for Parenting Teens
by Kevin MacKinnon
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Today, we as a society are given many messages about alcohol and
other drugs. Young people see or hear about adults, peers and
role models using a variety of drugs for a diverse number of reasons.
When parents find out their child is abusing alcohol and /or other
drugs they often blame or place responsibility elsewhere. Parents
may also do the exact opposite to this and blame themselves for
their child's use. Instead of projecting blame upon themselves
or elsewhere, what parents can do is be responsible for their
own feelings, beliefs and behaviours.
our children come from families of addiction, they may be pre-disposed
to developing problems with alcohol and /or drugs. This is a fact
we can not change. What parents do have control over is their
own feelings, beliefs and behaviors that can create problems in
dealing with a substance abusing teenager.
of the feelings that parents often experience may include :
* Wanting to protect their child but may overreact and
* Some find it hard to take a stand because of their own insecurities
* Some give in to threats made by the teen, "If you don't...........then
I'll........." If parents give in to these threats, teens
will learn to use them to manipulate for what they want; or
* Some parents try to be the perfect parent. Anxiety around this
can drain their energies, resulting in decisions based on what
is easiest to deal with.
of the parents' beliefs or myths that can create problems may
* A belief that my teen cannot be responsible for him/herself.
"There are too many pressures out there;"
* A belief that there is nothing I can do......... I'm the last
person my child will listen to.....(studies show that kids hear
and do consider parents reactions);
* A belief that, "If everyone is doing it, it must be O.K."
Parents need to set clear consistent guidelines. We need to consider,
who ‘everyone' is;
* A belief that, "If I love my kids, I must always trust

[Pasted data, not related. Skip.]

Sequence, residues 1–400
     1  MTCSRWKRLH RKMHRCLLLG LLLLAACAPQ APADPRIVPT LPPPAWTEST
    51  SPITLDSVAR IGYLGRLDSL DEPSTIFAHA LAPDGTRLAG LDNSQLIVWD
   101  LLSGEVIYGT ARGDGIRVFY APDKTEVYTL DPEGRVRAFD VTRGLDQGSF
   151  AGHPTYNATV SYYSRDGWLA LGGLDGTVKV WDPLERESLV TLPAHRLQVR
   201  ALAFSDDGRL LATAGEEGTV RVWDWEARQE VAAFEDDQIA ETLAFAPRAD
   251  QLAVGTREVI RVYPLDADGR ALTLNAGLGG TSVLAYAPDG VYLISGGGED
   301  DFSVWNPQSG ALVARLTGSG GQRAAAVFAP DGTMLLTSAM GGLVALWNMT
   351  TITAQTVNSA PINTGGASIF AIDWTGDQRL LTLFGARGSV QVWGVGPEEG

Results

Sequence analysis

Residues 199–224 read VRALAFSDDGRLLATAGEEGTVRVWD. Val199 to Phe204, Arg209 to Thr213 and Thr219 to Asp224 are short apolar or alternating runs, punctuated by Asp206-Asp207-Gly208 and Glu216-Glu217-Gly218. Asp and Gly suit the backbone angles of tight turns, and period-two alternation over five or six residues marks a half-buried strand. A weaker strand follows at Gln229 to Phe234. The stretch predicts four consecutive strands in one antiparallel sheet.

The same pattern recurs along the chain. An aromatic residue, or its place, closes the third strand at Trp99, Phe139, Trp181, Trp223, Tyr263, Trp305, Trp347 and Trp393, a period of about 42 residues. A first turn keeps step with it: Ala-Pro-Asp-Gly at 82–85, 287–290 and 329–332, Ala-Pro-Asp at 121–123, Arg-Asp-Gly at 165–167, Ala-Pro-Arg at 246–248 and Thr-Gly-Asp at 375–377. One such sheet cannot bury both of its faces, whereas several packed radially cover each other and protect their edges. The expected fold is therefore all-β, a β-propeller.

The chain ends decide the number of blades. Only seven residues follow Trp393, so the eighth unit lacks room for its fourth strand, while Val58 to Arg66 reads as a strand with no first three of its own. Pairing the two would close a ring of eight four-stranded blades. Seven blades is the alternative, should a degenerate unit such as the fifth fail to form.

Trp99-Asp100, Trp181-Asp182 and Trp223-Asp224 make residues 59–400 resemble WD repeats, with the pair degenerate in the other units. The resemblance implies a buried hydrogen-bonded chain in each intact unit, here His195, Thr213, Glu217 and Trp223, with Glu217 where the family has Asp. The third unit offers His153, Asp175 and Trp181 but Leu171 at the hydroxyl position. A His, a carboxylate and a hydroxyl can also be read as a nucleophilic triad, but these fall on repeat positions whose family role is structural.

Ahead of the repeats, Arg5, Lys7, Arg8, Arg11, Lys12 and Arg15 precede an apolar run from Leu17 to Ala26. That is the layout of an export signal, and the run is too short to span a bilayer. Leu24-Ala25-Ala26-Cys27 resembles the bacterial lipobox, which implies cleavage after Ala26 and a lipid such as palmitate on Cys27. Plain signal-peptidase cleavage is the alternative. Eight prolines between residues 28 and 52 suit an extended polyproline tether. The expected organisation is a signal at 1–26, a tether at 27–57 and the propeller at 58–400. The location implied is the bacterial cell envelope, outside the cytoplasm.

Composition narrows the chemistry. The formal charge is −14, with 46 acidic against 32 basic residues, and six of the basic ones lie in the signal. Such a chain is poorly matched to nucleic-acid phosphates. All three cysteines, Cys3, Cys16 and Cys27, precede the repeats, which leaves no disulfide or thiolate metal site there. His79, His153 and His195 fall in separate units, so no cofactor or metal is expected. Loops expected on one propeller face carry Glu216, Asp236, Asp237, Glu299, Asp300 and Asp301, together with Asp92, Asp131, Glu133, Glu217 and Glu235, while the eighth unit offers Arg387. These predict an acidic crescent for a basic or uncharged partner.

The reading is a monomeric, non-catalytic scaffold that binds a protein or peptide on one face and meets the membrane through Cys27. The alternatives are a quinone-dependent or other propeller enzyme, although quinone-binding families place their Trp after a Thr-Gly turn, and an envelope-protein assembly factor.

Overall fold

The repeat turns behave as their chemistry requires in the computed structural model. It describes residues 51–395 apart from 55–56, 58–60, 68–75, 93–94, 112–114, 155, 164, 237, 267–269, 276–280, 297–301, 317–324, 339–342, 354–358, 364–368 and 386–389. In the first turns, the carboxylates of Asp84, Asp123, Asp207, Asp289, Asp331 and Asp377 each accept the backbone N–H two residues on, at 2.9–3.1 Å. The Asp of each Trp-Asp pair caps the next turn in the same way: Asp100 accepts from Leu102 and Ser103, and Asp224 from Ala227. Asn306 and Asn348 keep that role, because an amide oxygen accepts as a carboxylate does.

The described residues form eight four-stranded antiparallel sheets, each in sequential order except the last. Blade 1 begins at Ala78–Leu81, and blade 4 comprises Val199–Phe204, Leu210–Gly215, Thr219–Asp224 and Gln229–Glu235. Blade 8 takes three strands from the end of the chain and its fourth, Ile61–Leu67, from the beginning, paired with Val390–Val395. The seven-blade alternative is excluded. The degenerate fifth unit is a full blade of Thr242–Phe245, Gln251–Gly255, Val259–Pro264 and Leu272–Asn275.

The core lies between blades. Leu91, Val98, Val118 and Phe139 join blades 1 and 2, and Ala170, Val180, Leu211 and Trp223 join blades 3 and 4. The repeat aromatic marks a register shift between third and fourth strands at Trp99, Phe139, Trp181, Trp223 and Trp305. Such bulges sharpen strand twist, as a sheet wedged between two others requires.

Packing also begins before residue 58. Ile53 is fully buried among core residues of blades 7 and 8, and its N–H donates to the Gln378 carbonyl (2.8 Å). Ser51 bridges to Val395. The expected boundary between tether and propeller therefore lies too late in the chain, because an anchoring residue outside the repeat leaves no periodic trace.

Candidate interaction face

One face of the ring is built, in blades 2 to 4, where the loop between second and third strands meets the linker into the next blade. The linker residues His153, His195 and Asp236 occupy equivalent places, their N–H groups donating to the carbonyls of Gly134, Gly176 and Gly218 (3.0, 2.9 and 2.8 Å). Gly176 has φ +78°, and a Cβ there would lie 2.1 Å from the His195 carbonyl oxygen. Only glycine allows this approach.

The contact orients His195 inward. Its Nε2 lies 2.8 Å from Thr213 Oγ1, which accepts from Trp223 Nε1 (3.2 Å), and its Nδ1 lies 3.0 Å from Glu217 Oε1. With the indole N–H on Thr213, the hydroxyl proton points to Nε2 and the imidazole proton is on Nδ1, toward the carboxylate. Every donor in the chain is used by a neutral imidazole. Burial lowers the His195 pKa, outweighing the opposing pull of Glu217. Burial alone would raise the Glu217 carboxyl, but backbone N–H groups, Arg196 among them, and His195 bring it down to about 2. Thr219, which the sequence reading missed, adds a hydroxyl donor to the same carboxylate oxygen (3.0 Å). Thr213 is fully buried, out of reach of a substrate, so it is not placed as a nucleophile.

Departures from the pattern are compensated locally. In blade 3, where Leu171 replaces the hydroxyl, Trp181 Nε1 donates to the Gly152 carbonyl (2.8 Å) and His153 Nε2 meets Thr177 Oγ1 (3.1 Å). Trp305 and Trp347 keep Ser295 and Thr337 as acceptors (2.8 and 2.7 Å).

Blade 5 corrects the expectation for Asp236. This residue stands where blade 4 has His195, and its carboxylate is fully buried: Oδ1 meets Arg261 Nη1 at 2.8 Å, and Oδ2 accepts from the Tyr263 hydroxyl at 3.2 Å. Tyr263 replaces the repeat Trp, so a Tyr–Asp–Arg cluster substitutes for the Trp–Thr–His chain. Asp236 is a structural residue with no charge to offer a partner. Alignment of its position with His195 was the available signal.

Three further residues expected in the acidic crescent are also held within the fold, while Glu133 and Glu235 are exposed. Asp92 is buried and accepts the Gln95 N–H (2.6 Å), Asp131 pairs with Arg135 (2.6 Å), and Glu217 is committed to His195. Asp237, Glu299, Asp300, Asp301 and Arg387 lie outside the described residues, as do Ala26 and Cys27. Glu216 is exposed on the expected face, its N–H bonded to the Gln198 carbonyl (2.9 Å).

them." Parents need to remember that love is unconditional
- trust is conditional; or
* A belief that, "Well at least it's only alcohol, marijuana,
etc." (Our biggest drug problems are with alcohol and marijuana).
A drug problem is a problem no matter what the drug.
can be even more dangerous than feelings and beliefs because they
are external. Problems can continue to worsen if parents:
* Keep secrets from one another, (Mom doesn't tell Dad
something or vice versa). This blocks communication which is key
if things are going to be dealt with in a healthy manner;
* Give in to avoid conflict. Teens learn quickly that if they
raise enough fuss they'll get their own way;
* Shield teen from consequences. This can give the message that
Mom/Dad will always be there to bail them out; or
* Do teens work for them? If not, this can give the messages,
"your contribution is not important." "Others will
do the work for you," and "Irresponsible behavior has
no undesirable consequences."
need to realize that some of the things we do out of love can
contribute to a teen continuing to use alcohol and/or other drugs.
Becoming aware and identifying unhelpful patterns can help us
stop or change them. We cannot make our kids change, but what
we can do is change how we may respond to their behaviours. It's
part of learning what we do and do not have control over.
facts are that most teens are not using and the great majority
of young people who experiment with drugs do not become regular
users. Parents must find out the extent of their use and the types
of drugs used, learn more about the dangers and keep themselves
updated of changes. Seeking help for themselves and their children
is never too early or never too late. Youth and Family Drug Counsellors
are there to provide some recommendations: it's up to you to follow
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